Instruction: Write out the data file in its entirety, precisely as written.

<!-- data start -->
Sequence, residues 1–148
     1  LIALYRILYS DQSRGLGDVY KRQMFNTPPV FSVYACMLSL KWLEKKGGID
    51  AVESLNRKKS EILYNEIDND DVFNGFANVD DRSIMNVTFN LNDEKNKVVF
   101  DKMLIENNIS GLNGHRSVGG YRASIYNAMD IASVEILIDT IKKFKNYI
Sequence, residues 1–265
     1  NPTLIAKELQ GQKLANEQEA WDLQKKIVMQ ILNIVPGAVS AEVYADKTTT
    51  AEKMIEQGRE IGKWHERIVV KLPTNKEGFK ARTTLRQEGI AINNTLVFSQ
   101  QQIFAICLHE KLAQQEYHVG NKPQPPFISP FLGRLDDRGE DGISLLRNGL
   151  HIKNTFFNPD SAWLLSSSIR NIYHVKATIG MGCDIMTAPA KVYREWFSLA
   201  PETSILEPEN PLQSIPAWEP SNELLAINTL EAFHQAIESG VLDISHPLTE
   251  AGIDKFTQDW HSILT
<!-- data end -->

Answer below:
Sequence, residues 1–148
     1  LIALYRILYS DQSRGLGDVY KRQMFNTPPV FSVYACMLSL KWLEKKGGID
    51  AVESLNRKKS EILYNEIDND DVFNGFANVD DRSIMNVTFN LNDEKNKVVF
   101  DKMLIENNIS GLNGHRSVGG YRASIYNAMD IASVEILIDT IKKFKNYI
Sequence, residues 1–265
     1  NPTLIAKELQ GQKLANEQEA WDLQKKIVMQ ILNIVPGAVS AEVYADKTTT
    51  AEKMIEQGRE IGKWHERIVV KLPTNKEGFK ARTTLRQEGI AINNTLVFSQ
   101  QQIFAICLHE KLAQQEYHVG NKPQPPFISP FLGRLDDRGE DGISLLRNGL
   151  HIKNTFFNPD SAWLLSSSIR NIYHVKATIG MGCDIMTAPA KVYREWFSLA
   201  PETSILEPEN PLQSIPAWEP SNELLAINTL EAFHQAIESG VLDISHPLTE
   251  AGIDKFTQDW HSILT